Seas of tranquility on Saturn’s icy moon


The waves on the methane seas of Saturn’s moon Titan are very small, according to new research.


Titan, Saturn’s largest moon, with Saturn in the background.
Titan, Saturn’s largest moon, with Saturn in the background.
NASA Jet Propulsion Laboratory / Cassini Orbiter

Titan, Saturn’s largest moon, has a cloudy appearance thanks to its atmosphere containing gaseous nitrogen and hydrocarbons.

Beneath the atmosphere is a crust of frozen water dotted with lakes and seas of liquid hydrocarbons. Methane and ethane rain from the sky.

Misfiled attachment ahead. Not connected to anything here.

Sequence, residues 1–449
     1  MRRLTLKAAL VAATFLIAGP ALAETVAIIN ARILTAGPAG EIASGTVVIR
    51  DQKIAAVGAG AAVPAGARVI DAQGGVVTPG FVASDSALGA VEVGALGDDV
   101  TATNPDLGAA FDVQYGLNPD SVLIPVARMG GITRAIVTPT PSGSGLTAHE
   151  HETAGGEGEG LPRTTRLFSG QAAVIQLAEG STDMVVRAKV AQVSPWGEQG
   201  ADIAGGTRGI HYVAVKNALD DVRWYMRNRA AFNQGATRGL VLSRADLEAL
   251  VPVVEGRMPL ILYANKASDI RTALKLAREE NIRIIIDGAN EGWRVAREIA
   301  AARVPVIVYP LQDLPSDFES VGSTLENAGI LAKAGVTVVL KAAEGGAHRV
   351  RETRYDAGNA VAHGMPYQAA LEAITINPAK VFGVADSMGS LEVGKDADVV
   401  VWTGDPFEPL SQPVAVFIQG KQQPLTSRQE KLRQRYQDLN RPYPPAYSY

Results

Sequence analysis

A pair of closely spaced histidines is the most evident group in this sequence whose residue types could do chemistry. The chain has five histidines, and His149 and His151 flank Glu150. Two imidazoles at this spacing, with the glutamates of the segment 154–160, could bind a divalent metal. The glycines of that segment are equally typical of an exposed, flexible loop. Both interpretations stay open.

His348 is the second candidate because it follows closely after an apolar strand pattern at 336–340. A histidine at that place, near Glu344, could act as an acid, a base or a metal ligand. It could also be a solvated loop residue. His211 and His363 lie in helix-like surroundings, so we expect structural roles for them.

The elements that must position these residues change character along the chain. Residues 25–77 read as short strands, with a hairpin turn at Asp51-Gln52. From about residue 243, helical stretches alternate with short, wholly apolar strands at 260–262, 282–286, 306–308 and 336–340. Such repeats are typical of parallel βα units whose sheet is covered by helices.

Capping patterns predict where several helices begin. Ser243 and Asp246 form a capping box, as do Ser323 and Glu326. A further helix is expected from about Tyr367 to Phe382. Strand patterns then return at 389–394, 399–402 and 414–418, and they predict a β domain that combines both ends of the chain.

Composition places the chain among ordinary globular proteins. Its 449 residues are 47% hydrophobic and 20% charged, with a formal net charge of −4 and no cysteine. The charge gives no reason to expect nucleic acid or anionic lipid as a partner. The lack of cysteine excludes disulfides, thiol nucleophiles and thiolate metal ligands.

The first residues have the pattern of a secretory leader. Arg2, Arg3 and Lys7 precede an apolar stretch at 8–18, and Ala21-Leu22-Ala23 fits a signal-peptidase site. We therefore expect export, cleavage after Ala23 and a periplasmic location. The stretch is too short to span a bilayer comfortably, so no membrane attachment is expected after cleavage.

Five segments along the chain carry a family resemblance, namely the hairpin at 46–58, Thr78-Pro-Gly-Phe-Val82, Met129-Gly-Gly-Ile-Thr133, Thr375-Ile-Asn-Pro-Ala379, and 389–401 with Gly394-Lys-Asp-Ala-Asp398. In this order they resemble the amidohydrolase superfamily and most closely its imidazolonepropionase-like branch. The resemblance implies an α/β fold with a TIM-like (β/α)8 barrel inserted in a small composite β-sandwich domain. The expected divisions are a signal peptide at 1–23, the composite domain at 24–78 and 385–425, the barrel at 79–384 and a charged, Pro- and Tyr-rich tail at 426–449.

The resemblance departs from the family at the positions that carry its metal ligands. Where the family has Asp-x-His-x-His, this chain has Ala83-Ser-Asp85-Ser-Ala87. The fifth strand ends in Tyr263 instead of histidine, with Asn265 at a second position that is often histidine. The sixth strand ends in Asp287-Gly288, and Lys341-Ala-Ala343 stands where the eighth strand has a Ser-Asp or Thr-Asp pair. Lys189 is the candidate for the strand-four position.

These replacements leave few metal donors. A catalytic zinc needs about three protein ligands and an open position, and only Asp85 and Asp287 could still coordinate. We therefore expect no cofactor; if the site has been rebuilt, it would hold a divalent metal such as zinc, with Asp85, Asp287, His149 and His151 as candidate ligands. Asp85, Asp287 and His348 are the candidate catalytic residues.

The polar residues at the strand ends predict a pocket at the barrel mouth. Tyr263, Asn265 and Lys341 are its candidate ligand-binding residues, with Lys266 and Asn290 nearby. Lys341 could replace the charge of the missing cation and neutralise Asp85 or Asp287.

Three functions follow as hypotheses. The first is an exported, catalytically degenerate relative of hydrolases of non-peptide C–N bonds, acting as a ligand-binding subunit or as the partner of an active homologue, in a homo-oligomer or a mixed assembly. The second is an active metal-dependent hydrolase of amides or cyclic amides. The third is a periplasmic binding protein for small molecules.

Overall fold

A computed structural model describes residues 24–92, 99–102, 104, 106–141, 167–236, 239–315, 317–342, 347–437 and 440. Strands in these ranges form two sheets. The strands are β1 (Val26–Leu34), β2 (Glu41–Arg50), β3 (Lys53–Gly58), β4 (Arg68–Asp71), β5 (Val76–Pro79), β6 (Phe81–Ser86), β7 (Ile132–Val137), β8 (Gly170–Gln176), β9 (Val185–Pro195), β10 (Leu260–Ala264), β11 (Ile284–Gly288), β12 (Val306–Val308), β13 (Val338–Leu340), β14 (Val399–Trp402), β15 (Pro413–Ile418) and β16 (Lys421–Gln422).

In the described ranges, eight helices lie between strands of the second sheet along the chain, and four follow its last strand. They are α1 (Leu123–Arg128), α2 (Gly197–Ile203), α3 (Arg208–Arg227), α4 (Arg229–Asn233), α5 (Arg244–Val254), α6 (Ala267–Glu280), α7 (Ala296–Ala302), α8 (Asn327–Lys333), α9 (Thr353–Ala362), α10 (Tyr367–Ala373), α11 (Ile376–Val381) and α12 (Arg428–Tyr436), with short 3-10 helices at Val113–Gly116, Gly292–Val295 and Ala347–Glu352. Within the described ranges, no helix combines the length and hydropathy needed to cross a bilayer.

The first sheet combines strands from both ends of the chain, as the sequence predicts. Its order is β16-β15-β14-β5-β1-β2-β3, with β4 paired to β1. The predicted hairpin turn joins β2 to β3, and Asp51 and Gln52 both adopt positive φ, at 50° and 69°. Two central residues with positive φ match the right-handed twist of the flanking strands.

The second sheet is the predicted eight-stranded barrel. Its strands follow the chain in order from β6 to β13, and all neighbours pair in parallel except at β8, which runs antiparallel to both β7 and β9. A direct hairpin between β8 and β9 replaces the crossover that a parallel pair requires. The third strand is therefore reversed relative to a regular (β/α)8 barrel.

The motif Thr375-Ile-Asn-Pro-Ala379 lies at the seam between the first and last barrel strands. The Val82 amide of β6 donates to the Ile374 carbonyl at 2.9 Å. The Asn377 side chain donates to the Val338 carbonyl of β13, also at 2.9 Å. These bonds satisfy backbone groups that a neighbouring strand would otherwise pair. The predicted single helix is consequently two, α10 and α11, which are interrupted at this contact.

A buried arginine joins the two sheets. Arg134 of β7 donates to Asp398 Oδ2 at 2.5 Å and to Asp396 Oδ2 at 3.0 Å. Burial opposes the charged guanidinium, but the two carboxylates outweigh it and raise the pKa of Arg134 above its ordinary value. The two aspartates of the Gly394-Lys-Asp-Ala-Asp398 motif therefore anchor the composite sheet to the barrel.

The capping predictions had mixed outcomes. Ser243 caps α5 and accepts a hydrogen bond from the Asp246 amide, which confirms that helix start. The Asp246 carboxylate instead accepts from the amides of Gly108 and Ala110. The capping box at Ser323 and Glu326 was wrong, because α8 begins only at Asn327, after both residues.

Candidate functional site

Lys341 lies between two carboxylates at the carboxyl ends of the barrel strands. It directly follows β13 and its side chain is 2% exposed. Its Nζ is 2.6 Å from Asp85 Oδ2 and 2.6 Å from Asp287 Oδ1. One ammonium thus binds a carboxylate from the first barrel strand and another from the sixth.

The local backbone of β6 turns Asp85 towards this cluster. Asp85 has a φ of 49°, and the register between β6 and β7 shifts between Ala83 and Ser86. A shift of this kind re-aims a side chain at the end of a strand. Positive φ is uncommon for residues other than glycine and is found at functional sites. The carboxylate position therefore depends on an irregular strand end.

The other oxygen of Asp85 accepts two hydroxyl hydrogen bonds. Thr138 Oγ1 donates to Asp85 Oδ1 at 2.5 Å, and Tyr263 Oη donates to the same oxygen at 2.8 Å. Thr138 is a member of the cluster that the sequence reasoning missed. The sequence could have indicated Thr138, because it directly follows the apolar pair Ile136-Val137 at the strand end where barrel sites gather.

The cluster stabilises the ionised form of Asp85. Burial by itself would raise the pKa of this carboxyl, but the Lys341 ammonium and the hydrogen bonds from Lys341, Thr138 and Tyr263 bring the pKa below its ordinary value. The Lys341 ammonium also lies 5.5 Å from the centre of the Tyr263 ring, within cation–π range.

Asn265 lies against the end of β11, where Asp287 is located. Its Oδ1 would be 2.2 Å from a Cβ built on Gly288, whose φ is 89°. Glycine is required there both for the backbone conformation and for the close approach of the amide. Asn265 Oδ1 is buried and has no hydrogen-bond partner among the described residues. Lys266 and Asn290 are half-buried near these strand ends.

Though it may sound inhospitable, scientists believer that it may contain the necessary ingredients for life – if not on the surface then in the watery ocean that is believe to lie deep beneath the icy crust.

New research published in Earth and Planetary Science Letters suggests that conditions on Titan’s seas of liquid methane may be relatively serene – there are waves, but they are only about a centimetre high – which makes the seas an ideal place to land some future exploratory probe.

  1. http://www.sciencedirect.com/science/article/pii/S0012821X17303163
  2. http://www.sciencedirect.com/science/article/pii/S0012821X17303163
Latest Stories
MoreMore Articles